Let's say a gay couple goes into a Christian bakery, and asks for a wedding cake. The owners of the bakery tell them that that would violate their religious beliefs. The gay couple then goes and sues the bakery for discrimination, knowing full well that they would be refused. That is the kind of behavior that this law is designed to protect businesses from.

But of course, we can't have Christians standing up for their rights, because they don't celebrate sin the way the rest of the country does. What militant groups want is not tolerance, they want validation. They want special treatment.

Now, let the hatred flow.

This bill is worded so that anyone could refuse service to anyone for anything, and that would make it bad no matter what. "Bigots claiming to be Christian refusing to serve gay people" would just be the most common use of it if it passed. And if I were Christian, I would be pretty offended that those bigots would use my faith as a flameshield.

OT: Doesn't this bill violate the Constitution? Separation of church and state and all that. And good on Gen Con for speaking up I say.

Gearhead mk2:
OT: Doesn't this bill violate the Constitution? Separation of church and state and all that. And good on Gen Con for speaking up I say.

A misconception. Nowhere in the Constitution does it mention a separation of church and state. That line was from a letter that Jefferson wrote to a Baptiste church. What the Constitution does say is that it will not make a law establishing a national religion, nor prohibit the free exercise of religion.

Poor poor persecuted Christians, no longer allowed to freely throw gay people in jail for their sexual orientation, they're on death's door, trying their best to get out legislation so that they can discriminate against gay people in their professional lives, such as refusing emergency medical care to them. I mean its just horrific to think of Christian doctors, surgeons and EMTs being forced to treat gay people like they were actual human beings.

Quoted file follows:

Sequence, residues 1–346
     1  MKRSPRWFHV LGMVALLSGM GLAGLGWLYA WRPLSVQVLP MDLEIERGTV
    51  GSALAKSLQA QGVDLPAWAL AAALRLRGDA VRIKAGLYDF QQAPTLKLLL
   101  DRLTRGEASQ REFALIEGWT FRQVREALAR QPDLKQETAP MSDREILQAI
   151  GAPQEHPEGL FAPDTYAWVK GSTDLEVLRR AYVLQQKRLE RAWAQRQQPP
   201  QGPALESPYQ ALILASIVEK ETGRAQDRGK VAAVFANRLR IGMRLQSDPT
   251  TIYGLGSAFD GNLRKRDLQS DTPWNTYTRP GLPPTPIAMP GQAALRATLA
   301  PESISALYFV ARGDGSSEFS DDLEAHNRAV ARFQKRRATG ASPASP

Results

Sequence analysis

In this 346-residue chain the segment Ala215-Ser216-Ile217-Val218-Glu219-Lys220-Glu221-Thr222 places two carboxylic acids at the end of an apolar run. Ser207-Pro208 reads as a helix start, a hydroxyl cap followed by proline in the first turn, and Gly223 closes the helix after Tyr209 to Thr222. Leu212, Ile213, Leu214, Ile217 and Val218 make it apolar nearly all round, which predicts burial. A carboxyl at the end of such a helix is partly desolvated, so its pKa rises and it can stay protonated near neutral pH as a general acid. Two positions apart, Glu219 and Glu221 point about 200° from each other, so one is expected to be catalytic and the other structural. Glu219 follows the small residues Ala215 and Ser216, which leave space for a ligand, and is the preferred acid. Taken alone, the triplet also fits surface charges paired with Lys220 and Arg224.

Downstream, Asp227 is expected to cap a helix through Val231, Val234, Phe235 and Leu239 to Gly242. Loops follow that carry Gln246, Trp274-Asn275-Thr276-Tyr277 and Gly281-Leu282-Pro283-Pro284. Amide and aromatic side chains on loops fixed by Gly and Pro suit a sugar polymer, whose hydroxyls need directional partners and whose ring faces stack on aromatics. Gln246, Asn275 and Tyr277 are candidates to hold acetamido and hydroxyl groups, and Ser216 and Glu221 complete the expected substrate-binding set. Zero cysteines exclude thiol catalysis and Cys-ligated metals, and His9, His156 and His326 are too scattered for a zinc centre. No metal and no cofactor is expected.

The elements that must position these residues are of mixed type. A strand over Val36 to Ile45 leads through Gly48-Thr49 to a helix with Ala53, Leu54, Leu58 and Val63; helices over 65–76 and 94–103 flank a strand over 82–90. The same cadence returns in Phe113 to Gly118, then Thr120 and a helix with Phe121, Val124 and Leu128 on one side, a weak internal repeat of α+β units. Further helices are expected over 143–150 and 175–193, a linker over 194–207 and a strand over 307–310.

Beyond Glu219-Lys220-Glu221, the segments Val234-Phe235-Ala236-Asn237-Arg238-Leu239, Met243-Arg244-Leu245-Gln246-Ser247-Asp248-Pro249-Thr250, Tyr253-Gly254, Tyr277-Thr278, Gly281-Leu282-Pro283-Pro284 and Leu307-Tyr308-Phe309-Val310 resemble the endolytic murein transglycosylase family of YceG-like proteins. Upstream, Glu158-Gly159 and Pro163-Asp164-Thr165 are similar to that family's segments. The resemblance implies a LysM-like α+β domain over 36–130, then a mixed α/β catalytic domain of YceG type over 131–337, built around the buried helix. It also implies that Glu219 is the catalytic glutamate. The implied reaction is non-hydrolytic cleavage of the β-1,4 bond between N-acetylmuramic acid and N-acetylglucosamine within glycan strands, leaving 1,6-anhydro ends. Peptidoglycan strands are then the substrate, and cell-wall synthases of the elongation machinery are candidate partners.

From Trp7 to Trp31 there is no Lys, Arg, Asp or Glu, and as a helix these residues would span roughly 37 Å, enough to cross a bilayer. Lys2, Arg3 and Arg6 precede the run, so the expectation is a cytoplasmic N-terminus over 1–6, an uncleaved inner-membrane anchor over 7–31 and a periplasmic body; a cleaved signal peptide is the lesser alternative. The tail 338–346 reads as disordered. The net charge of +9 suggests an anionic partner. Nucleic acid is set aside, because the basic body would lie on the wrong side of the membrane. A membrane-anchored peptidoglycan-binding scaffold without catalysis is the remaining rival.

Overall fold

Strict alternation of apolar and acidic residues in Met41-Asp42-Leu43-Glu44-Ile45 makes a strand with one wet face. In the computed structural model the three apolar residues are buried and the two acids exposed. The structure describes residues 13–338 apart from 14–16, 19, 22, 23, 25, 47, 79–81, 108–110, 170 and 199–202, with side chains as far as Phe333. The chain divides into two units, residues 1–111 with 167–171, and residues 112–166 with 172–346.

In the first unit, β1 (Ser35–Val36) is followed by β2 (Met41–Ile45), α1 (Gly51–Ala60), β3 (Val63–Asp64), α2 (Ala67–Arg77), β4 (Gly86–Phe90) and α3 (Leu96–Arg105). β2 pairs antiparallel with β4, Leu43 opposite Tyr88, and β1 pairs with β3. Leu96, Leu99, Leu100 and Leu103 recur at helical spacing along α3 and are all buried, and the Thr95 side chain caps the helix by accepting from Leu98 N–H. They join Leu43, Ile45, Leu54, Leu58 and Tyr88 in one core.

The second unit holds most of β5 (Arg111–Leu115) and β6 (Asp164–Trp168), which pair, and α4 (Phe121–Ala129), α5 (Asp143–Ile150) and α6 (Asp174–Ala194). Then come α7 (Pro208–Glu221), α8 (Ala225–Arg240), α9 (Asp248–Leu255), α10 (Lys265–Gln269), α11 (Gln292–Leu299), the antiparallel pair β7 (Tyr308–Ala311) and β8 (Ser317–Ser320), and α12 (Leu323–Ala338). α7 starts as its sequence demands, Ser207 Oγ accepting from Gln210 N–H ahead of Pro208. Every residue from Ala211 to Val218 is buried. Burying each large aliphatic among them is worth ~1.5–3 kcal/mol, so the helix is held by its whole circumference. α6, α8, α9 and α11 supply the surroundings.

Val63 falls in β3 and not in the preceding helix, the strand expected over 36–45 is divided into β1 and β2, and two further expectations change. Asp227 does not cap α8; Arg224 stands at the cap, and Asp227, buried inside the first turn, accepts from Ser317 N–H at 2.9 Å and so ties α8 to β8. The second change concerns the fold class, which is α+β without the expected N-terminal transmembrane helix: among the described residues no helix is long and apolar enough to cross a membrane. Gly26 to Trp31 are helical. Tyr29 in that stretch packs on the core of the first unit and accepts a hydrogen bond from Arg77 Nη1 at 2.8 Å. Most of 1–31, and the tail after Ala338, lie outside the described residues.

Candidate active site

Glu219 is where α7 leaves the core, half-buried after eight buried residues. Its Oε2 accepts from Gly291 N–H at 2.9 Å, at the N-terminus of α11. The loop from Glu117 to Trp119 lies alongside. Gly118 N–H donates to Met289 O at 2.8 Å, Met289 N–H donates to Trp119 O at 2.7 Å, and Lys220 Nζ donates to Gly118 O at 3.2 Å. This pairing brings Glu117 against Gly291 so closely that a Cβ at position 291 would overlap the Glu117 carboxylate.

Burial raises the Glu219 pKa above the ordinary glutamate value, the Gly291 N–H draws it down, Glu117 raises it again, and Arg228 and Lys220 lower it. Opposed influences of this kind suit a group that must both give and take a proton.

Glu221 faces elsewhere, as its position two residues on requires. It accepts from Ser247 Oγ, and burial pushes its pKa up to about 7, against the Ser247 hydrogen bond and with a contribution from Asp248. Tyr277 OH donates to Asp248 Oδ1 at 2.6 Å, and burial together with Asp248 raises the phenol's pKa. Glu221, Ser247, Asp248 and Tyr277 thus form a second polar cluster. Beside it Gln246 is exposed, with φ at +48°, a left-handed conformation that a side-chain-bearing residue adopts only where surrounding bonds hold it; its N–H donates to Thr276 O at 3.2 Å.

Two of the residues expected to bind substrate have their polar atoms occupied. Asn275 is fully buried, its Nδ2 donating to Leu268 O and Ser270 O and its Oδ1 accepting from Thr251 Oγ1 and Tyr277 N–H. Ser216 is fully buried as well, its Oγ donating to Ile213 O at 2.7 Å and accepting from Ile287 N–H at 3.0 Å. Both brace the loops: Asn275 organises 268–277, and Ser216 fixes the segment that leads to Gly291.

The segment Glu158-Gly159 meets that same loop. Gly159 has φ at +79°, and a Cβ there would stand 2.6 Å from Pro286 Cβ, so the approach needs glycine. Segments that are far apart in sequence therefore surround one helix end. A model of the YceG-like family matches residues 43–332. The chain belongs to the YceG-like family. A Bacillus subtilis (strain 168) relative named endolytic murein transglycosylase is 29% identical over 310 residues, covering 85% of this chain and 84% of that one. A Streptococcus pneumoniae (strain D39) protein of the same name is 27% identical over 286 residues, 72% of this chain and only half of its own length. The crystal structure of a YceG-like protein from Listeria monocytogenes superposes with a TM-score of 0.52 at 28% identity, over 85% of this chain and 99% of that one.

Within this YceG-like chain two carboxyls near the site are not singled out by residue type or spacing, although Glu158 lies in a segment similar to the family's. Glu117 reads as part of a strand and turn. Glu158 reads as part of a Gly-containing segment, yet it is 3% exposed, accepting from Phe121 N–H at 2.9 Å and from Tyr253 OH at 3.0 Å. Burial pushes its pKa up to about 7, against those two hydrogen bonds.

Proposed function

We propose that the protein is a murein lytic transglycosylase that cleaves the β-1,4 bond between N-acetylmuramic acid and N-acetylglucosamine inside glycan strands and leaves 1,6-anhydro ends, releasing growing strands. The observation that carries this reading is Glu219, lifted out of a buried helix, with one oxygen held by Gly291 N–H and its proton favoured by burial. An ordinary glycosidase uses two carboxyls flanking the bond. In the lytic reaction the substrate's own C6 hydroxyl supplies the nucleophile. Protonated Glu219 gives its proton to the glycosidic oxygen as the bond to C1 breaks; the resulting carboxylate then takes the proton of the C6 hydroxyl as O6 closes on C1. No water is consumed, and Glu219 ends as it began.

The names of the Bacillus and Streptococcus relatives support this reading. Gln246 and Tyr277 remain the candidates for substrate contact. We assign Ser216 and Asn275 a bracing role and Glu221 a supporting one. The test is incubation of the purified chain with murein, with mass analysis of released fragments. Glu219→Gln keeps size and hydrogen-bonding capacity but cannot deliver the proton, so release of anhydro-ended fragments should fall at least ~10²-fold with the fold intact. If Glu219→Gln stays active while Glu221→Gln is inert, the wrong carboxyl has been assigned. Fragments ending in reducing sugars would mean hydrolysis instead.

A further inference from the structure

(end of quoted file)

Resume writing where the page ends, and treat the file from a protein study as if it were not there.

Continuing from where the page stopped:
This is ignorant bullshit to the umpteenth degree! Why only homosexuals? I mean, some religions believe that slavery is "God's divine right!" and that maybe they shouldn't be serving people of a different skin as well. Sound right? FUCK NO!, it doesn't! That about sums up this kind of ridiculousness.

Also, I'm pretty sure that there have been plenty of proven scientific studies that show that homosexuality has an underlying relation to genetics, not just "choice". This is along the lines of left-handedness (go southpaws!) too. Do you recall all the teachers, nuns, and parents using objects to strike a child's hand when they used their Left? Now it has been fully proven that Left-handedness is an effect from the brain and the way it communicates and works between the right and left hemispheres; not something you can simply 'slap away'.

This governor is so ass-backwards and redneck that it is unbelievable. I hope that he gets shunned so much that he either resigns or is kicked out of office. Really hoping that the SUPREME COURT finds his bill unconstitutional and is struck down rather quickly.

MarsAtlas:
Poor poor persecuted Christians, no longer allowed to freely throw gay people in jail for their sexual orientation, they're on death's door, trying their best to get out legislation so that they can discriminate against gay people in their professional lives, such as refusing emergency medical care to them. I mean its just horrific to think of Christian doctors, surgeons and EMTs being forced to treat gay people like they were actual human beings.

I think you've cracked it! Clearly every person that's a Christian is 100% for this bill and is CLEARLY only doing anything for the express purpose of discriminating against everyone ever. You know, because they're Christian.

Seriously, come off it. Some douchebags are voting for a douchebag bill. You don't need to demonize millions of people that have nothing to do with it because you're upset.

isdestroyer:

Gearhead mk2:
OT: Doesn't this bill violate the Constitution? Separation of church and state and all that. And good on Gen Con for speaking up I say.

A misconception. Nowhere in the Constitution does it mention a separation of church and state. That line was from a letter that Jefferson wrote to a Baptiste church. What the Constitution does say is that it will not make a law establishing a national religion, nor prohibit the free exercise of religion.